Points for style and technique, as the whole film is shot in claustrophobic, hand-held close-focus, always looking at or through the eyes of the mesmeric, or mesmerized, Saul. When a truck is on the road and we see green trees pass by, the color takes us aback. What was missing, for me, was any empathy with the main character. I never understood why he adopted the boy who survived gassing as his “son,” nor why he was obsessed with providing him a proper burial, at the expense of his colleagues’ deaths or the larger massacre going on around him, let alone the risk to his own life. I could only understand him as a lunatic, which made sense of the final scene when he sees a boy he thinks is his son, even though the corpse he has been impossibly carrying on his shoulder has washed down the river. Thinking him a lunatic, however, robbed the movie of significance. I cared more for the rational prisoners who were plotting escape in horrifying circumstances against all odds, but they weren’t the filmmaker’s concern.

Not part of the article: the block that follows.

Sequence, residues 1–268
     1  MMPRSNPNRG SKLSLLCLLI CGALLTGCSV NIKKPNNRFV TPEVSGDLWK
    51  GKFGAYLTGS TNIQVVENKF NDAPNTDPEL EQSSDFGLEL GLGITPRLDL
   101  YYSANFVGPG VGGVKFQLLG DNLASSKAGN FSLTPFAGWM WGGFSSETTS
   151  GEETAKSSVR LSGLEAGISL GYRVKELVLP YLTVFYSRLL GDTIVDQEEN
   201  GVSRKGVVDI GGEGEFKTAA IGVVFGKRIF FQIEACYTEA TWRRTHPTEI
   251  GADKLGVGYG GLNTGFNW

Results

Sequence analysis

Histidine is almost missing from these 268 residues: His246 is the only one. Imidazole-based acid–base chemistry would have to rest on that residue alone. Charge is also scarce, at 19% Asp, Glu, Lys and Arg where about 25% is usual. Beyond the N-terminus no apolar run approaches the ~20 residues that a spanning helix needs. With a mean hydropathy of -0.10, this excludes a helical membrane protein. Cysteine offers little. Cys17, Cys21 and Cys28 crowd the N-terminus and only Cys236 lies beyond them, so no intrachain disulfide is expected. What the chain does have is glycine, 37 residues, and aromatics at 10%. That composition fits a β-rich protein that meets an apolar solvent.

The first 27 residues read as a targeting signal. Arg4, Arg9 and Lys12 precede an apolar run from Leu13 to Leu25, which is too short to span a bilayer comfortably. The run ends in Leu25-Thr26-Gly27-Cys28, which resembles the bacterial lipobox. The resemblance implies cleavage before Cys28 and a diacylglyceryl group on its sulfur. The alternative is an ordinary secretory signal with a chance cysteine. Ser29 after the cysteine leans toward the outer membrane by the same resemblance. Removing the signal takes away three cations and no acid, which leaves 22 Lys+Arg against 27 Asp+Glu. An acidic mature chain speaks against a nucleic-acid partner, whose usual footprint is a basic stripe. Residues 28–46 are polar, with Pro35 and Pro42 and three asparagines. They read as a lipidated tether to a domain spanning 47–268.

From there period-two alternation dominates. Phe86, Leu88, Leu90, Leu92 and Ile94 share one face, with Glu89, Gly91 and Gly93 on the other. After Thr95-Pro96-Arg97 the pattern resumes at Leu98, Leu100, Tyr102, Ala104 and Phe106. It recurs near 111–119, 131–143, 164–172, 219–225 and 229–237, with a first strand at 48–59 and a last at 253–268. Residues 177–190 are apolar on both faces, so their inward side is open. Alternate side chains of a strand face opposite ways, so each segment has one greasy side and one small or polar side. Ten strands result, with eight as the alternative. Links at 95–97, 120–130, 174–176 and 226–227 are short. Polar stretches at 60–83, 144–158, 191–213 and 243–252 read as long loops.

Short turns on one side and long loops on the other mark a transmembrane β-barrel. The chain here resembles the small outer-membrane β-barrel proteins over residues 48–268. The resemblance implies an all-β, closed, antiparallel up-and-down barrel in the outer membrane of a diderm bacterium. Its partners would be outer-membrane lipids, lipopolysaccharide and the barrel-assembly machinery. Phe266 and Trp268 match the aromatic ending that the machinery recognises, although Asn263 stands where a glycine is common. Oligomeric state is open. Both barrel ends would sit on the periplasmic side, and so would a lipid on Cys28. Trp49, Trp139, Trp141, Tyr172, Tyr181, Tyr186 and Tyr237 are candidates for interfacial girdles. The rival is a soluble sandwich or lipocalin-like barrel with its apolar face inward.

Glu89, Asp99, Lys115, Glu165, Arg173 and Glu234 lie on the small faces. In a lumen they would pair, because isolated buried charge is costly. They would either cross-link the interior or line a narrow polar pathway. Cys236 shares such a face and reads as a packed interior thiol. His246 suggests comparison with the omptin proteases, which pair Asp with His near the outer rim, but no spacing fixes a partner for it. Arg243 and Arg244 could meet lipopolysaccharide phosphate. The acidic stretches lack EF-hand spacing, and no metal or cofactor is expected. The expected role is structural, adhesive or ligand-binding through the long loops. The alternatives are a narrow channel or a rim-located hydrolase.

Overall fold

As I watched, I couldn’t figure out where the film was going, and at the end I was convinced that the director didn’t know either. Maybe it was just a diary of what life is like for women in repressive, backwards Turkey – horrible to imagine in a NATO nation in this day and age. In that case, the random little vignettes made some kind of sense. If, on the other hand, this was supposed to be a coming-of-age tale of the adorable Lale, I hate to think we left her on her own in Istanbul, with retribution or disillusionment her likely future. The sisters were sort of interesting, but not much more.
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